Robinson v. Yates

Filing 48

ORDER ADOPTING FINDINGS, CONCLUSIONS, AND RECOMMENDATIONS OF UNITED STATES MAGISTRATE JUDGE by Judge Dean D. Pregerson for Report and Recommendation (Issued) 41 . IT IS HEREBY ORDERED that Judgment be entered denying the Petition and dismissing this action with prejudice. (rp)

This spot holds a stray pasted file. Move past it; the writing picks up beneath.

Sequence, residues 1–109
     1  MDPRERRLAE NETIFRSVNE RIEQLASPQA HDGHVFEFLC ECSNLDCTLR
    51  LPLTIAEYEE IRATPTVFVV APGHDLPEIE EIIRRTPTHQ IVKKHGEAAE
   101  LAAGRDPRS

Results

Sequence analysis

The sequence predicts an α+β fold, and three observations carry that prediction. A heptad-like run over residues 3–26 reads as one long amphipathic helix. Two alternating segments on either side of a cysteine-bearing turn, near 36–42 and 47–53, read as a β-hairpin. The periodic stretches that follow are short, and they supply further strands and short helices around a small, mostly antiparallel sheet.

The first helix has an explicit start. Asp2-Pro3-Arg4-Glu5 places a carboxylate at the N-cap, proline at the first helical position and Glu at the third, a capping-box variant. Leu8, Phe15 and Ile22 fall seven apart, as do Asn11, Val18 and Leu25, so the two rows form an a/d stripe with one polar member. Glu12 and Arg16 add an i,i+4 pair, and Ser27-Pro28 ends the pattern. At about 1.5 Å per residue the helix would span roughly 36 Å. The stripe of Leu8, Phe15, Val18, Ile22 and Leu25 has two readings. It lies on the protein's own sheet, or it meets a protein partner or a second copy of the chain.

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1 2 3 4 5 6 7 8 UNITED STATES DISTRICT COURT 9 CENTRAL DISTRICT OF CALIFORNIA 10 11 12 13 14 15 16 JEFFREY DONELL ROBINSON, ) ) Petitioner, ) ) v. ) ) JAMES A. YATES, ) ) Respondent. ) ) ________________________________ 17 18 19 20 21 22 23 24 25 26 27 28 Case No. SACV 06-1055 DDP(JC) ORDER ADOPTING FINDINGS, CONCLUSIONS, AND RECOMMENDATIONS OF UNITED STATES MAGISTRATE JUDGE Pursuant to 28 U.S.C. § 636, the Court has reviewed the Petition for Writ of Habeas Corpus by a Person in State Custody (the “Petition”), all of the records herein, including the attached Report and Recommendation of United States Magistrate Judge, petitioner’s objections to the Report and Recommendation (“Objections”), respondent’s response to petitioner’s Objections (“Respondent’s Response”), and petitioner’s response to Respondent’s Response (“Petitioner’s Response”). The Court has further made a de novo determination of those portions of the Report and Recommendation to which objection is made. The Court concurs with and adopts the findings, conclusions, and recommendations of the United States Magistrate Judge and overrules the Objections. /// 1 The Report and Recommendation appropriately focuses on petitioner’s two 2 remaining claims (enumerated as grounds three and four in the Petition) which 3 allege that: (1) petitioner’s sentence constitutes cruel and unusual punishment; and 4 (2) petitioner’s counsel in the underlying state case was ineffective in 5 (a) having petitioner admit to a prior conviction that petitioner did not suffer; 6 (b) failing to research the validity of the prior, without which petitioner could not 7 have knowingly and intelligently waived his rights regarding the same; and 8 (c) failing to argue that the sentence imposed constituted cruel and unusual 9 punishment.1 10 Petitioner’s Objections do not address the merits of the Report and 11 Recommendation. Instead, the Objections, construed liberally, attempt to resurrect 12 two unexhausted claims that this Court previously dismissed by order dated August 13 27, 2008 (Docket. No. 22) (the “Dismissed Claims”).2 See Objections at 1-2. The 14 Dismissed Claims allege that the trial court violated petitioner’s constitutional right 15 16 1 As discussed further below, the Petition originally contained two additional unexhausted 17 claims enumerated as grounds one and two, which this Court dismissed on August 27, 2008. 18 (Docket No. 22). Petitioner subsequently sought, and was denied a stay of this action while he exhausted the following new and different claims: (1) imposition of an upper term sentence 19 violated the Sixth Amendment; (2) imposition of multiple punishments for the same offense in a 20 single proceeding violated the Double Jeopardy Clause and California Penal Code section 654; (3) petitioner’s plea was involuntary because he was not informed of the actual maximum 21 sentence that could be imposed; and (4) his appellate counsel was ineffective. (Docket Nos. 35, 22 39). 2 23 stating: 24 25 26 Petitioner had advised the Court that he wanted to withdraw the two dismissed claims, [P]etitioner is preparing a motion to withdraw the claims that the respondent states are unexhausted, the petitioner has researched claims 1 and 2 and believes that those claims has [sic] no merit and would not be successful. Thus, the petitioner is submitting a motion of withdrawal of claims 1 and 2 anyway. 27 See Memorandum of Points and Authorities in Support of the Petitioner’s Motion filed on 28 October 1, 2007 (Docket No. 23). 2 1 to due process by: (1) accepting petitioner’s guilty plea without a factual basis; 2 and (2) accepting petitioner’s guilty plea which was not entered voluntarily or 3 intelligently. (Objections at 1-2; see also Petition, Grounds One and Two). 4 Petitioner asserts that the Dismissed Claims relate back to the original Petition and 5 now seeks a stay of this action while petitioner seeks to 6 exhaust the Dismissed Claims. (Objections at 5).3 7 To the extent petitioner is trying by his Objections to challenge the Court’s 8 August 27, 2008 Order dismissing the Dismissed Claims upon petitioner’s own 9 request, petitioner’s challenge is procedurally improper and therefore is denied. A 10 district court has discretion, but is not required, to consider evidence or claims 11 presented for the first time in Objections to a Magistrate Judge’s Report and 12 Recommendation. See Brown v. Roe, 379 F.3d 742, 744-45 (9th Cir. 2002); 13 United States v. Howell, 231 F.3d 615, 621-22 (9th Cir. 2000). If petitioner had 14 any issues with the Court’s August 27, 2008 Order, petitioner should have raised 15 his issues by a motion for reconsideration and not by objections to the Report and 16 Recommendation addressing petitioner’s remaining claims.4 17 Moreover, to the extent petitioner is seeking to stay this action while he 18 exhausts the two Dismissed Claims in state court, the Court finds that a stay is not 19 warranted. In order for petitioner to later amend the Petition to add any newly 20 21 22 23 24 25 26 27 28 3 Despite petitioner’s claim to the contrary (see Petitioner’s Response at 2), the Objections do not appear to object to the substance of the Report and Recommendation and its conclusion that petitioner’s two properly-exhausted claims do not merit federal habeas relief. Petitioner does claim that he was not given a right to present his arguments concerning the two properlyexhausted claims. (Petitioner’s Response at 2). The Court however had advised petitioner that petitioner would have 30 days from the date of the Answer to serve any Reply. See November 11, 2006 Order Governing Proceedings Involving Petition for Writ of Habeas Corpus by a Person in State Custody at ¶ 7 (Docket No. 3). As noted in the Report and Recommendation, petitioner did not file a Reply. 4 Similarly, to the extent Petitioner’s Response now appears to challenge the denial of a stay to exhaust additional claims (see supra note 1), such objection is untimely and procedurally improper. 3 1 exhausted claims, those claims must be: (1) exhausted prior to the expiration of the 2 statute of limitations; or (2) relate back to the date of the original filing. For the 3 same reasons set forth in the January 8, 2010 Order Denying Petitioner’s Motion to 4 Stay to exhaust other claims (see supra note 1), the Court finds that the statute of 5 limitations for the two Dismissed Claims has run. Petitioner has not provided any 6 evidence that he has filed any state petition relating to the judgment at issue for 7 statutory tolling to apply, and petitioner has not shown that he has been pursuing 8 his rights diligently and that some extraordinary circumstances have prevented him 9 from exhausting the Dismissed Claims prior to this point for equitable tolling to 10 apply. See Holland v. Florida, 130 S. Ct. 2549, 2562 (2010) (to be entitled to 11 equitable tolling, litigant must establish that: (1) he has been pursuing his rights 12 diligently; and (2) some extraordinary circumstance stood in his way; citing Pace 13 v. DiGuglielmo, 544 U.S. 408, 418 (2005)); Lawrence v. Florida, 549 U.S. 327, 14 336 (2007); Porter v. Ollison, 620 F.3d 952, 959 (9th Cir. 2010).5 15 To relate back, the newly exhausted claims must “[arise] out of the conduct, 16 transaction, or occurrence set out – or attempted to be set out – in the original 17 pleading.” Fed. R. Civ. P. 15(c)(1)(B). In Mayle v. Felix, 545 U.S. 644 (2005), 18 the Supreme Court determined that a new claim in an amended habeas petition 19 relates back to avoid a limitations bar, when the limitations period has run in the 20 meantime, only when it arises from the same core of operative facts as a claim 21 contained in the original petition. Mayle, 545 U.S. 644; Hebner v. McGrath, 543 22 F.3d 1133, 1134 (9th Cir. 2008), cert. denied, 129 S. Ct. 2791 (2009); Jackson v. 23 24 5 Although petitioner alleges that he was denied law library access until mid-August 2006 25 (see Objections at 2-3), as the Court previously explained the statute of limitations on 26 petitioner’s claims did not commence to run until November 2006. See January 8, 2010 Order Denying Petitioner’s Motion to Stay (Docket No. 45). Petitioner’s general allegation that he has 27 had limited law library access since that time and has been pursuing other cases are not the kind of “extraordinary circumstances” making it impossible for him to file his federal petition on time 28 to warrant equitable tolling. 4 1 Roe, 425 F.3d 654, 660 n.8 (9th Cir. 2005). In King v. Ryan, 564 F.3d 1133 (9th 2 Cir.), cert. denied, 130 S. Ct. 214 (2009) the Ninth Circuit interpreted Mayle to 3 require that the new claims relate back to claims properly contained in the original 4 petition – that is, those claims that were exhausted at the time of filing. King, 564 5 F.3d at 1143. 6 Here, it does not appear that the Dismissed Claims will relate back to the 7 date of the filing of the Petition because they do not appear to arise from the same 8 core of operative facts as the exhausted claims contained in the Petition. 9 Petitioner’s exhausted claims allege that his sentence constituted cruel and unusual 10 punishment and that his counsel was ineffective relative to petitioner’s prior 11 conviction and sentence. (Petition at 6a-6b). The Dismissed Claims, which assert 12 trial court error relative to the acceptance of petitioner’s guilty plea, do not appear 13 to arise from these facts and involve distinctly different legal issues. Compare 14 Petition at 6; see also Hebner v. McGrath, 543 F.3d at 1134 (“it is not enough that 15 the new argument pertains to the same trial, conviction or sentence”).6 16 IT IS HEREBY ORDERED that Judgment be entered denying the Petition 17 and dismissing this action with prejudice. 18 IT IS FURTHER ORDERED that the Clerk serve copies of this Order, the 19 United States Magistrate Judge’s Report and Recommendation, and the Judgment 20 herein on petitioner and on counsel for respondent. 21 LET JUDGMENT BE ENTERED ACCORDINGLY. 22 DATED: _August 31, 2011_ 23 ______________________________________ 24 HONORABLE DEAN D. PREGERSON UNITED STATES DISTRICT JUDGE 25 26 27 28 6 In any event, such claims appear to be lacking in merit as the record reflects that petitioner admitted a factual basis for his plea and that his plea was voluntary and intelligent. 5